— 0 Comments

“The Arnolfini Portrait” and “La Belle Iseult”

Over the weekend, I listened to author and curator Suzanne Fagence Cooper present a Zoom lecture titled “At Home with Jane and William Morris,” drawing information from a book scheduled to come out next year. I was especially interested in the passing comment that Cooper made about William Morris’s painting La Belle Iseult (1858, shown below). This is the only completed oil painting by William Morris that exists; today his work in the arts is more closely associated with designs of tapestries and wallpaper prints. However, early in his career (when he fell under the beguiling spell of Dante Gabriel Rossetti), Morris tried his hand at painting. The model for this painting is Jane Burden, who would marry William Morris the following year in 1859.

William Morris, "La Belle Iseult," 1858.  Photo © Tate. Available through Creative Commons License CC-BY-NC-ND 3.0 (Unported)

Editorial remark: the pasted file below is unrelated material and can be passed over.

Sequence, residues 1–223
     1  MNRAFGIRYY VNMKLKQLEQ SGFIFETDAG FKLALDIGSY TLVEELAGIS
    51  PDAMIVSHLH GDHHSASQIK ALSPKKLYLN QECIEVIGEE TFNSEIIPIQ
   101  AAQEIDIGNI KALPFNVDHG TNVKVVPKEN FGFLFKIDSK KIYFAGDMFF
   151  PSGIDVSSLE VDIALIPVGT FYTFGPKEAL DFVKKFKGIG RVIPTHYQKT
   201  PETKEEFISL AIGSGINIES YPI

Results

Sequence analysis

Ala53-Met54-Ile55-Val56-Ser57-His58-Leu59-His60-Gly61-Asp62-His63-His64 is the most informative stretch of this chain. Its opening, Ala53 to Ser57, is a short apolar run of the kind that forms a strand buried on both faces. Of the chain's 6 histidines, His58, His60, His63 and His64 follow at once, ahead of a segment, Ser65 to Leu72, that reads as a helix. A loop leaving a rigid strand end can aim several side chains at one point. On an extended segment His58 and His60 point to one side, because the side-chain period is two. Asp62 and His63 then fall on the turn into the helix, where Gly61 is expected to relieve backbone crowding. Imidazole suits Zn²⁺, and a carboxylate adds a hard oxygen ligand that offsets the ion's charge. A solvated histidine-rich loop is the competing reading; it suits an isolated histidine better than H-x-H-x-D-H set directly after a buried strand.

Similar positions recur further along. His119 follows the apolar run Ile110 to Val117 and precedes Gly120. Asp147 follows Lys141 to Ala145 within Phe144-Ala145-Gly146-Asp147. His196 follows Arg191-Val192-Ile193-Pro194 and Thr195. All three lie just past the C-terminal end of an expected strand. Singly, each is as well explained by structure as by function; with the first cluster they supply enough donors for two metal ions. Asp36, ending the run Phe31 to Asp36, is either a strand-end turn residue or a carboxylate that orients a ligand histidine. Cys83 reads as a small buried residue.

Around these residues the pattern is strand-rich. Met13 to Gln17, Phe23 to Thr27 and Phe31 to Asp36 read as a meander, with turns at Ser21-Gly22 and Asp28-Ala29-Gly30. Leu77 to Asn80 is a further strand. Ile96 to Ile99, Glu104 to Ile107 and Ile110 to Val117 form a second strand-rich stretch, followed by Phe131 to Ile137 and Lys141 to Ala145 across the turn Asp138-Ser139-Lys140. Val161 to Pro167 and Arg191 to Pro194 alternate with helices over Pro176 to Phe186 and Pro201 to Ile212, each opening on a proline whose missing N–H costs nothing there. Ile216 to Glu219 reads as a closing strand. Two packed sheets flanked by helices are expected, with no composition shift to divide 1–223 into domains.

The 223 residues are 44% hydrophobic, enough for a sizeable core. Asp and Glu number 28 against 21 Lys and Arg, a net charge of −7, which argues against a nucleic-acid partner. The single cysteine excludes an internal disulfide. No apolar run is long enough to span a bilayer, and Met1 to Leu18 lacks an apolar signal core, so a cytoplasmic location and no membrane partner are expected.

William Morris, “La Belle Iseult,” 1858. Oil paint on canvas, 71.8 x 50.2 cm. Photo © Tate. Available through Creative Commons License CC-BY-NC-ND 3.0 (Unported)

Suzanne Fagence Cooper mentioned how this painting is has some similarities with Jan Van Eyck’s painting The Arnolfini Portrait (1432), with the positioning of Iseult’s body matching the turned pose and voluminous drapery folds of the Arnolfini wife, in addition to the inclusion of oranges on the right side. In comparing the two paintings side by side, the folded up bed curtains on the right side also have similarity in composition. Both paintings also include carpets, dogs, mirrors, and slippers.

Jan Van Eyck, "The Arnolfini Portrait, 1432. Oil on oak, 82.2 x 60 cm. Photo © Tate. Available through Creative Commons License CC-BY-NC-ND 3.0 (Unported)

Jan Van Eyck, “The Arnolfini Portrait, 1432. Oil on oak, 82.2 x 60 cm. Photo © Tate. Available through Creative Commons License CC-BY-NC-ND 3.0 (Unported)